The fall armyworm crisis has brought to the fore one of the multifaceted failures that characterise the sad state of affairs in Kenya’s agriculture.
Ours is an agrarian economy and any shocks due to diseases, pests or climate change leave farmers susceptible to severe losses besides heightening the risk of starvation. The resultant instability in commodity prices influences inflation.
It, therefore, makes sense to find a solution to the predicament; hence the in-creasing calls for adoption of genetically modified organisms (GMOs) technology in agriculture.
Indeed, genetic engineering (GE) is a potent tool to combat plant diseases. In many places, it has proved effective in developing plants that are resistant to pests, such as the European corn borer in the United States, and viruses such as the one that was the cause of papaya ringspot in Hawaii.
However, GE is not the panacea for all crop problems. Usually, its success depends on the availability of what scientists call “simple genetic traits”.
For example, if GE is to be applied against fall armyworms, the resistance to the pest has to be mediated by ideally one or a few genes. If many genes are involved, GE just cannot work.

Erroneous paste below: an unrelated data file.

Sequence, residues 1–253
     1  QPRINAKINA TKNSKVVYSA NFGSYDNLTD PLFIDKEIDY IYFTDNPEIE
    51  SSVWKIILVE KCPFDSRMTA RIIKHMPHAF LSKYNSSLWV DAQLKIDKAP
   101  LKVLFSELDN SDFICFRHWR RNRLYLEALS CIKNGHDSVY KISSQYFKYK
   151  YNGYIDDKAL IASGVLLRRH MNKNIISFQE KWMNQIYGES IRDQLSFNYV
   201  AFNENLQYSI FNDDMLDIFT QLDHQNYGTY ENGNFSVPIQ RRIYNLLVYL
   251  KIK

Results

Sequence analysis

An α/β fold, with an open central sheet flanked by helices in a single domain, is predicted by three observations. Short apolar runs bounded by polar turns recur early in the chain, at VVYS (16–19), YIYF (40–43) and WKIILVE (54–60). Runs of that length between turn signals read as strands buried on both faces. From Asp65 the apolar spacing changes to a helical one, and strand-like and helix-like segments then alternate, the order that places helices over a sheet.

The phenomenon makes the resistance trait complex — as with most pest and disease resistances in plants. GE has, hence, been used in breeding for only a handful of crops and a few traits.
The US has the highest number of GM crops with only 10 commercially produced as GMOs. They are maize, soybean, papaya, canola, alfalfa, cotton, sugar beet, squash, potato and apple.
For a vast majority of agriculturally important traits such as yield and most pest and disease resistances, there exists a wide array of technologies for improved crop varieties — including conventional breeding, marker-assisted breeding and genomic selection.
While the debate on whether or not cultivation of GMOs should be allowed in Kenya rages, it is not the magic bullet to our food security challenges.
Instead, the government needs to heavily invest in agricultural research, attracting and retaining skilled scientists and incentivising the translation of research output into improved crop varieties. Even after the fall armyworm scourge, cli-mate change and other emerging pests and diseases will give us greater challenges to contend with.
The only way to assure food security is to anticipate these challenges and build responsive rather than reactive agricultural systems.
For every crop production region, we need teams of soil scientists, plant breeders, plant pathologists and agronomists constantly working in concert to develop improved varieties for future release.
Also needed are properly functioning seed systems to facilitate scaled production of improved seeds. Also vital is good infrastructure to convey produce to markets.
While I support speedy adoption of GE in Kenya, the issues plaguing our agriculture are more complex than is admitted. But we have the requisite resources intellectually and otherwise to turn the tide.
Mr Gimode is a graduate research assistant at the Institute of Plant Breeding Genetics and Genomics (IPBGG), University of Georgia, USA. [email protected]